Jason Kobus, San Francisco-based security and privacy program manager for a financial institution
The job today is mostly about knowing how to prioritize. This boils down to understanding your business' risks and applying risk mitigation with the right recipe of people, processes and technology. Your C(I)SO program portfolio should be a mixture of tried, true, and stable investments, with a touch of cutting-edge technology where your gut tells you the vendor is on the right track. To avoid board room ridicule, the savvy C(I)SO must apply business fundamentals like project management (to produce tangible results and manage resources effectively) and cost-benefit analysis (to justify decisions). Decision making should be based on industry research (Gartner, Forrester), comparable analysis (what are my peers doing?), and directly engaging your stakeholders (be your own consultant instead of relying on second-hand sanitized reports). Lastly, you'll need to become a student of organizational behavior and good GRC practices to survive the inevitable pressure from the business to accelerate faster than your security can assess the risk.
I'm responsible for physical security, info security and risk mgmt at my company and I've definitely seen a shift from infosec to risk management. Everything now is approached from that perspective. Regulatory agencies are pushing towards enterprise risk management programs that encompass far more than just infosec, so my role has broadened. The arrival of cloud computing has put more spotlight on vendor management practices, most notably contract language (whether you use cloud computing or not). Metrics have gained a lot of interest. The interest in this area surrounds metrics that are meaningful at all levels from staff to line management, to business unit management, to exec management, to board level. The CSO role is following the same path as the CIO/CTO role did years ago. I remember watching that role evolve. Other C-level players came to realize over time the value that a CIO/CTO could bring to the exec table, so that role matured to what it is today. I believe that the CSO role is following the same path overall and that other C-level execs will continue to learn what a CSO can bring to the table as that role matures.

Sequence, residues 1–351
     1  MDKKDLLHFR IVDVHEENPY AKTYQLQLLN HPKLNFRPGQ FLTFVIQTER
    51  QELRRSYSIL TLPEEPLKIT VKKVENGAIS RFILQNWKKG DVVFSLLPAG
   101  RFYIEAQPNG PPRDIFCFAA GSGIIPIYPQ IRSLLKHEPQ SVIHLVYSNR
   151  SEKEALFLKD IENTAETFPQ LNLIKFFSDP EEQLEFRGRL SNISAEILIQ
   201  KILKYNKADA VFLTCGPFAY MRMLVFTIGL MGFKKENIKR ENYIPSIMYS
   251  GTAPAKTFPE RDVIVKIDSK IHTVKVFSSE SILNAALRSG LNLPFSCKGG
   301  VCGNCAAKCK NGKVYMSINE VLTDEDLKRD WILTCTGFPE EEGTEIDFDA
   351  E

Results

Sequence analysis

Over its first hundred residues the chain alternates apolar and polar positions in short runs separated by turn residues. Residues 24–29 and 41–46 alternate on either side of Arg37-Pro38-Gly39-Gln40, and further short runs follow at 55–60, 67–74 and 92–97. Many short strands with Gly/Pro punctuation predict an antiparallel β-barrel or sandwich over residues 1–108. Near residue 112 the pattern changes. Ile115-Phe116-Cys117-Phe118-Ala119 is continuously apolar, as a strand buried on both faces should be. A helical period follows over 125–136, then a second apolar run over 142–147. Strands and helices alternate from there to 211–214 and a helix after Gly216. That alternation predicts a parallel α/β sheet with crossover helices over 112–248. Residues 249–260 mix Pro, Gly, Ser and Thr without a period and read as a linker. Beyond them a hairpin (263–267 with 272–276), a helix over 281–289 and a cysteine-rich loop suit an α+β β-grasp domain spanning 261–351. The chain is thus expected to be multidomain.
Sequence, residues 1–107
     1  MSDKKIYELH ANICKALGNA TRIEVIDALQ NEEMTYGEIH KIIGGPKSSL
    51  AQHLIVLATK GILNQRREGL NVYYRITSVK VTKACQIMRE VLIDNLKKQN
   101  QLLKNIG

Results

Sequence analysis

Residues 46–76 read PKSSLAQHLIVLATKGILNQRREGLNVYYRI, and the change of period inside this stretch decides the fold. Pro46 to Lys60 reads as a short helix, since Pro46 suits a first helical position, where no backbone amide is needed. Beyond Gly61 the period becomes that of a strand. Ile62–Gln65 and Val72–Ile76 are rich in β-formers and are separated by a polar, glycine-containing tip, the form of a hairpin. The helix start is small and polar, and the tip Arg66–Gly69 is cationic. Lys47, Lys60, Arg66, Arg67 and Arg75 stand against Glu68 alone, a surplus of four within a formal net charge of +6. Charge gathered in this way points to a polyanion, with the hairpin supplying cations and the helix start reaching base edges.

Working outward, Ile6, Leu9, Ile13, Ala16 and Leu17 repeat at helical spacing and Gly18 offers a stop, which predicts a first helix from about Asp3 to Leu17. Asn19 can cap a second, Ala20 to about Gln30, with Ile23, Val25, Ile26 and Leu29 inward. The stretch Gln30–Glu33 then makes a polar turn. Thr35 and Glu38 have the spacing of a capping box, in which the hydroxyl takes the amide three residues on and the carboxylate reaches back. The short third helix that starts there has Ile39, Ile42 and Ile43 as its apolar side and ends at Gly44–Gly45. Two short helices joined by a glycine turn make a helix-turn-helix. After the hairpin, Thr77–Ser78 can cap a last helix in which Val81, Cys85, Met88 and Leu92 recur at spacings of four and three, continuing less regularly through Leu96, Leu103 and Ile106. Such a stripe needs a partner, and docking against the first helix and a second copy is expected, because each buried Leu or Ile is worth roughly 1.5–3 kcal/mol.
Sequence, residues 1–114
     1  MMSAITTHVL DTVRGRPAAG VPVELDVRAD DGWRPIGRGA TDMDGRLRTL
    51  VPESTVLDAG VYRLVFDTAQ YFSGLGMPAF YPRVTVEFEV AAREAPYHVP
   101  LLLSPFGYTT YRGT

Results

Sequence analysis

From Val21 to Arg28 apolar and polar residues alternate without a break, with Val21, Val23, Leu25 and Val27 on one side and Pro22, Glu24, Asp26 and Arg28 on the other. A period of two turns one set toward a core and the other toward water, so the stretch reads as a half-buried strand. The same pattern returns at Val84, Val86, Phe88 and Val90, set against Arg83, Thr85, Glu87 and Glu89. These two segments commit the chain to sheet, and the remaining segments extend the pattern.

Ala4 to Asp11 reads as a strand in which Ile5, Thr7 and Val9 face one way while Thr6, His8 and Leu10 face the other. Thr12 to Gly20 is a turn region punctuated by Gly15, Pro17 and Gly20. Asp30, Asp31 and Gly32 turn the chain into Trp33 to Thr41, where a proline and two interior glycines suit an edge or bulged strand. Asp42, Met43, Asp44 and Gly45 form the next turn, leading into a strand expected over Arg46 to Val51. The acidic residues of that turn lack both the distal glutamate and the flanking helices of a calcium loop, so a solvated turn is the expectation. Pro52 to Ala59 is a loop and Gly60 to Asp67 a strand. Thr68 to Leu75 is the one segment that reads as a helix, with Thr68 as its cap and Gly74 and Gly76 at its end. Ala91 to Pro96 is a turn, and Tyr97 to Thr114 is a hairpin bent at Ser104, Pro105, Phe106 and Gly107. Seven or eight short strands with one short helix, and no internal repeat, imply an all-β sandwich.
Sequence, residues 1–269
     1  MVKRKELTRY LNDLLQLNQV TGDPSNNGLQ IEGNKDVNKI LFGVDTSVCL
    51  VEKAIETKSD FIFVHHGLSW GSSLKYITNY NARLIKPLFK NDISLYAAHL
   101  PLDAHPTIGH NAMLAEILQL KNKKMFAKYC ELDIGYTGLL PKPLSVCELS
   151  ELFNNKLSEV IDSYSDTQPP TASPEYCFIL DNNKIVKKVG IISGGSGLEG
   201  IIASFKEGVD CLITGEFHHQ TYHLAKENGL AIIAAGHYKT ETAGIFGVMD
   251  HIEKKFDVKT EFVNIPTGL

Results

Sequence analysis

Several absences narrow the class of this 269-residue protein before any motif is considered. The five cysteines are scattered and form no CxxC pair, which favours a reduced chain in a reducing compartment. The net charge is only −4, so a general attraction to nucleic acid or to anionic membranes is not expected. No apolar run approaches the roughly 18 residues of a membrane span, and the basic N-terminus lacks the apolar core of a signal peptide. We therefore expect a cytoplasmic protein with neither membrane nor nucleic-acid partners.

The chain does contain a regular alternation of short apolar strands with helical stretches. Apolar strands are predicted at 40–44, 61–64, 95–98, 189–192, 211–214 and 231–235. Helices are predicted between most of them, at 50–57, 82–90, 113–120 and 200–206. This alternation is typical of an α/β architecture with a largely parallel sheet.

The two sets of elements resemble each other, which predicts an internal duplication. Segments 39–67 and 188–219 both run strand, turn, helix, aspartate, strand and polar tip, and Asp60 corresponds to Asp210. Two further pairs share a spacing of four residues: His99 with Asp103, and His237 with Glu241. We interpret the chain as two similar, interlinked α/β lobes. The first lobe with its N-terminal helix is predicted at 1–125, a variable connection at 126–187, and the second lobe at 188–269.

What has improved and what has not? Certainly the regulatory pressure to move towards enterprise risk management has helped broaden my sphere of influence. Continued breaches have kept security at the forefront. The fact that security is largely viewed as a cost center rather than a profit center has not changed. That will continue to keep the budgetary flow checked. Also, the pace of change for the business has not changed. It is still vital that the security position itself act as an enabler in business processes so that you are not delaying progress. What you need to do going forward to have success? Clearly theres no simple answer here and theres a long list of things one could do: